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Making the Most of Automation for Food and Beverage Manufacturing

Dexter Smith | 5 May 2021

No two automation projects are the same. What makes a project unique? The size of the project, complexity of the operation, deployed technologies, or new installation at greenfield facility versus a modernization or expansion of an existing, brownfield site. Adding automation technology for food and beverage manufacturers, however, adds a different challenge and a different set of variables that are important to consider as you plan, implement, and leverage the new tools.  

At Bastian Solutions, one of our core values is to “keep growing,” and we do this by implementing Kaizen principles. One detail that is constant in all of these projects is learning how to do it better and keeping that in mind for new projects.

Adding advanced technologies to a distribution or manufacturing operation can certainly create efficiencies. With food and beverage, I’ve found that there are four key focus areas that can help manufacturers truly make the most of automating their processes.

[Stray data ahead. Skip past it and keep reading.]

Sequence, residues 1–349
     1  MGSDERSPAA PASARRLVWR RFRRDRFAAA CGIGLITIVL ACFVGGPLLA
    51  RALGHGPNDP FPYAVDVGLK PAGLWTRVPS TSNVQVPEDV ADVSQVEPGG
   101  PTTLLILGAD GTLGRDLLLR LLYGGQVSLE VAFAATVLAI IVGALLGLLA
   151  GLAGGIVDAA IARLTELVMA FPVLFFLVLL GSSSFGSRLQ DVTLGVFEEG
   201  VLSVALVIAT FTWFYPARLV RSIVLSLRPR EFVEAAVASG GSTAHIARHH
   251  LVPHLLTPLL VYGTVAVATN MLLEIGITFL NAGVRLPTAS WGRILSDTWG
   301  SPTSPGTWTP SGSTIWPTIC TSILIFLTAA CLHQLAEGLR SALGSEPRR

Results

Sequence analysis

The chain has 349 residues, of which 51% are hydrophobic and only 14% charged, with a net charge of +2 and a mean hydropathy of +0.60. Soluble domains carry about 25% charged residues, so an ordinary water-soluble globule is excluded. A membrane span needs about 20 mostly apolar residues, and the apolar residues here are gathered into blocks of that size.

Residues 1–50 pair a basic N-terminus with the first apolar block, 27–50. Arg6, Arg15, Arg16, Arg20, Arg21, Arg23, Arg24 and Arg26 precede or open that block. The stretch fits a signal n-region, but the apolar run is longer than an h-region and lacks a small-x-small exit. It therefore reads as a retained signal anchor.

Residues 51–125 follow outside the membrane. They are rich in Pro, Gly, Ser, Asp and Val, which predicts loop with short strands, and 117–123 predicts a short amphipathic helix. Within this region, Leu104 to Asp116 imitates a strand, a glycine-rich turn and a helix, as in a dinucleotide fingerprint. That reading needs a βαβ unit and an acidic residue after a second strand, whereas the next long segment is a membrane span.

1. Recipe Variance

In a recent project experience, we had to handle a food product of different types and consistencies. At face value, they were all fundamentally the same product and it was easy to assume that all varieties of the product or recipe would convey or behave identically.

I am here to tell you, that simply was not the case. The different flavors and recipes played a critical role in how we handled each product variety.

Sticky, wet, dry, chunky, smooth, gritty – these are all conditions that could impact the performance of a proposed solution. When designing your system, heavily consider how these different recipes might interact on specific conveyor lines or components in your system. 

In this instance, consider accounting for the varied recipes through your PLC control system. It may be worth investigating whether you need to have specific conveyor modes for each one. While it is an additional criterion to consider, these different modes could be managed and selected through the HMI (Human Machine Interface) for that day’s production batch. No matter how small, it’s important to highlight and discuss all the variances that the system may handle.